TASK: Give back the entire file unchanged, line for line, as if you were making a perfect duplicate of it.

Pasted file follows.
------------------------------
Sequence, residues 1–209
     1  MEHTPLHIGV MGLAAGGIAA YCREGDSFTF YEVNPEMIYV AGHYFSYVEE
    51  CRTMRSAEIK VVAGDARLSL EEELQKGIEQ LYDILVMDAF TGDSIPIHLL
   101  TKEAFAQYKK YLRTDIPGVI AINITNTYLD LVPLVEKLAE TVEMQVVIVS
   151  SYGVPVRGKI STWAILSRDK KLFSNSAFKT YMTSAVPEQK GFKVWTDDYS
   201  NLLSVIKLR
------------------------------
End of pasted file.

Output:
Sequence, residues 1–209
     1  MEHTPLHIGV MGLAAGGIAA YCREGDSFTF YEVNPEMIYV AGHYFSYVEE
    51  CRTMRSAEIK VVAGDARLSL EEELQKGIEQ LYDILVMDAF TGDSIPIHLL
   101  TKEAFAQYKK YLRTDIPGVI AINITNTYLD LVPLVEKLAE TVEMQVVIVS
   151  SYGVPVRGKI STWAILSRDK KLFSNSAFKT YMTSAVPEQK GFKVWTDDYS
   201  NLLSVIKLR